From first to last, Picasso’s prime subject was the human figure and portraiture remained a favourite genre. His earliest portraits were done from life and reveal a precocious ability to catch likeness and suggest character and state of mind. By 1900 Picasso was producing portraits of astonishing variety and thereafter they reflected the full range of his innovative styles – symbolist, cubist, neoclassical, surrealist, expressionist. But however extreme his departure from representational conventions, Picasso never wholly abandoned drawing from the sitter or ceased producing portraits of classic beauty and naturalism.
For all his radical originality, Picasso remained in constant dialogue with the art of the past and his portraits often alluded to canonical masterpieces, chosen for their appropriateness to the looks and personality of his subject. Treating favourite Old Masters as indecorously as his intimate friends, he enjoyed caricaturing them and indulging in fantasies about their sex lives that mirrored his own obsession with the interaction of eroticism and creativity.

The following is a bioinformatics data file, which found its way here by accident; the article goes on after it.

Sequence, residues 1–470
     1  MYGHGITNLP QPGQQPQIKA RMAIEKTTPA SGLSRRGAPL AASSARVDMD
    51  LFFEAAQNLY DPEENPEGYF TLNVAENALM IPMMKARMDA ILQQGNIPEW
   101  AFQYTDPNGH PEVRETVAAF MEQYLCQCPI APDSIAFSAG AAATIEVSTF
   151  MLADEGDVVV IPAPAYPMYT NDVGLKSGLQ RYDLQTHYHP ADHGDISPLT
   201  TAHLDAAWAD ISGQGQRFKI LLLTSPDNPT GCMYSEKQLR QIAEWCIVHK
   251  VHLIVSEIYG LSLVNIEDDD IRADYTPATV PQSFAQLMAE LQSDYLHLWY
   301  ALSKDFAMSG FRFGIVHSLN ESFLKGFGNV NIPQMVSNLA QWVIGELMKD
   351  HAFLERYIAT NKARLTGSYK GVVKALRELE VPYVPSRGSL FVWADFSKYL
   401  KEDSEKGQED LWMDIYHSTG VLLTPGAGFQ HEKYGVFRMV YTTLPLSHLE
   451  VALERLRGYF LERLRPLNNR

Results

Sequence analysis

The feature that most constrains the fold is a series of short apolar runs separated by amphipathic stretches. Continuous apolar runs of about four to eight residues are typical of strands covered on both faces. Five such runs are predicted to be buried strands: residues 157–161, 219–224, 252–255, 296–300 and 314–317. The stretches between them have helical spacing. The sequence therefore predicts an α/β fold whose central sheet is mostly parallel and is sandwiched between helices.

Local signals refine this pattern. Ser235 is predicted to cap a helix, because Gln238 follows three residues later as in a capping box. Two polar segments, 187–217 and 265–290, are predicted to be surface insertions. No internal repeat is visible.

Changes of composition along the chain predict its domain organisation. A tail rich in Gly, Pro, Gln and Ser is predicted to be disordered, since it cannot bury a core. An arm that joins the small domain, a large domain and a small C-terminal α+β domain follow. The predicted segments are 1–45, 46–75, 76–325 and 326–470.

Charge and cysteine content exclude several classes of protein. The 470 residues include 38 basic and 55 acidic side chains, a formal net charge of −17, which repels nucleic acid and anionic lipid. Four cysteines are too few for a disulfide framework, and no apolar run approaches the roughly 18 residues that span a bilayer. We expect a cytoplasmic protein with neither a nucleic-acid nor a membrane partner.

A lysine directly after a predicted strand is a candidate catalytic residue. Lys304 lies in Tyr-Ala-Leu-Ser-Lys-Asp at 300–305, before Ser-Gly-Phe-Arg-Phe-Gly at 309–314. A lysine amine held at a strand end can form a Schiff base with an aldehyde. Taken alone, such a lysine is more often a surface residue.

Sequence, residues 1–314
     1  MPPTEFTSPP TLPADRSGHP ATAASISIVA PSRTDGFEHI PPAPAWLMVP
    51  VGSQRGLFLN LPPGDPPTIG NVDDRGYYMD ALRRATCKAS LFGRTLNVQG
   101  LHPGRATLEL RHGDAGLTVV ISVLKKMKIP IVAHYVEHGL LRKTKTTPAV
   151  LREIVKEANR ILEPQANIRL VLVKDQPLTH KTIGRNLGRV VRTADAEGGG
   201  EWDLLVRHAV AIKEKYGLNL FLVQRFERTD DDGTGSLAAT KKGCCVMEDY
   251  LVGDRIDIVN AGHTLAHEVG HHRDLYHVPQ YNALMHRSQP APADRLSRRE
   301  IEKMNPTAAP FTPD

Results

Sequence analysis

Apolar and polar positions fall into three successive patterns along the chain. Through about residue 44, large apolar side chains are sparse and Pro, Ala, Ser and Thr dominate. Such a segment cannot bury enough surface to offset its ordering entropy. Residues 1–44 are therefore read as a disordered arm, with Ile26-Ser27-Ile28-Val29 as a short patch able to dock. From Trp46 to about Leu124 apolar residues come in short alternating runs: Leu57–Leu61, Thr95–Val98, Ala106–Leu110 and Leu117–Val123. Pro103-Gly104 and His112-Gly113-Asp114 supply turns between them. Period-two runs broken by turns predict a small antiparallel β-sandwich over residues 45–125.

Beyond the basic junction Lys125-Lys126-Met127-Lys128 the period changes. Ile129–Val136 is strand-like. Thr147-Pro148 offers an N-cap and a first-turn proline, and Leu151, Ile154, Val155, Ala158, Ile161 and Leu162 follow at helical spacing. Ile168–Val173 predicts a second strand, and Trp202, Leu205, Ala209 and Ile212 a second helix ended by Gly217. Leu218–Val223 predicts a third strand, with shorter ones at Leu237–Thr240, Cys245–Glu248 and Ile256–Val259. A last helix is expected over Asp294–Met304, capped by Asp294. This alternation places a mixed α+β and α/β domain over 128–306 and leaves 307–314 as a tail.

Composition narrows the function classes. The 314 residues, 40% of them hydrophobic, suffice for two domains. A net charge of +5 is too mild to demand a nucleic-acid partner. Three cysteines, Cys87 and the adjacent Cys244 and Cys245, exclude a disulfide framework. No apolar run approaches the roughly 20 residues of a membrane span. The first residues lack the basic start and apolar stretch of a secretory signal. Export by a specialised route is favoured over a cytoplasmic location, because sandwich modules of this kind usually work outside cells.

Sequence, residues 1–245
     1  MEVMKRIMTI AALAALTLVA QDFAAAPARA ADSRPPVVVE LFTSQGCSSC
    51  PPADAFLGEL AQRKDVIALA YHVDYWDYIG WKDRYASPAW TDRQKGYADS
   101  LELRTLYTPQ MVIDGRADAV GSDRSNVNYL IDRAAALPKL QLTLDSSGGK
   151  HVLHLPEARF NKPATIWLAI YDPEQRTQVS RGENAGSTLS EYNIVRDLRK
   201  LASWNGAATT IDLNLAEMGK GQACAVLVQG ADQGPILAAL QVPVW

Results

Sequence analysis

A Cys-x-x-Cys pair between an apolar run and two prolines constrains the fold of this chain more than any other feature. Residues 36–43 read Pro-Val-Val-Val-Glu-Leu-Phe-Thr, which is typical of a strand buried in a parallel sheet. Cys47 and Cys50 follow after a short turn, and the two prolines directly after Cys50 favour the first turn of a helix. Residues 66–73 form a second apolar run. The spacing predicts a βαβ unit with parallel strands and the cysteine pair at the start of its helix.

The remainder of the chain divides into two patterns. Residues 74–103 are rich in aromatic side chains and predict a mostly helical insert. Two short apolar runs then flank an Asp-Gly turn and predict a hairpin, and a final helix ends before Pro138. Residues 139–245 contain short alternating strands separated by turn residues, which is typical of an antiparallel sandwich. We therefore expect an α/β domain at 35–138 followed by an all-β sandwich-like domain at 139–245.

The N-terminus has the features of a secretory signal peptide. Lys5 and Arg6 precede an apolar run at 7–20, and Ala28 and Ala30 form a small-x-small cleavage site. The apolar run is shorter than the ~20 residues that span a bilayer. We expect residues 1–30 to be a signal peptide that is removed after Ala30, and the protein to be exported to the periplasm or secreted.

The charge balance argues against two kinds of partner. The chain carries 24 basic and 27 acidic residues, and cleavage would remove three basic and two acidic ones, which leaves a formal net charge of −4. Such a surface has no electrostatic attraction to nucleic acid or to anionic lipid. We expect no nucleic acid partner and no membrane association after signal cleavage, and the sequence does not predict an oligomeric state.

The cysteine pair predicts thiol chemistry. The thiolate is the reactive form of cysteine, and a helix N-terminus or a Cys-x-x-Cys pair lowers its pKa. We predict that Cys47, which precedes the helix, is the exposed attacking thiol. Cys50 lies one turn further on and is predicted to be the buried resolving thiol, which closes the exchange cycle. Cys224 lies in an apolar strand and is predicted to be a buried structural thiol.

His late suites of free ‘ variations ‘ after Velázquez’s Las Meninas and Rembrandt’s The Prodigal Son, both of which involve self – portraiture, allowed him to ruminate on the complex psychological relationship of artist and sitter, and continuities between past and present. When Picasso depicted people in his intimate circle, the nature of his bond with them inevitably influenced his interpretation.
The focus of this book is not, however, Picasso’s life story but his creative process, and, although following a broadly chronological path, its chapters are structured thematically. Issues addressed in depth include Picasso’s exploitation of familiar poses and formats, his sources of inspiration and identification with favourite Old Masters, the role of caricature in his expressive conception of portraiture, the relationship between observation, memory and fantasy, critical differences between his portrayal of men and women, and the motivation behind his defiance of decorum and the extreme transformation of his sitter’s appearance.
|Verlag||National Portrait Gallery|
|Museum / Ort||National Portrait Gallery, London|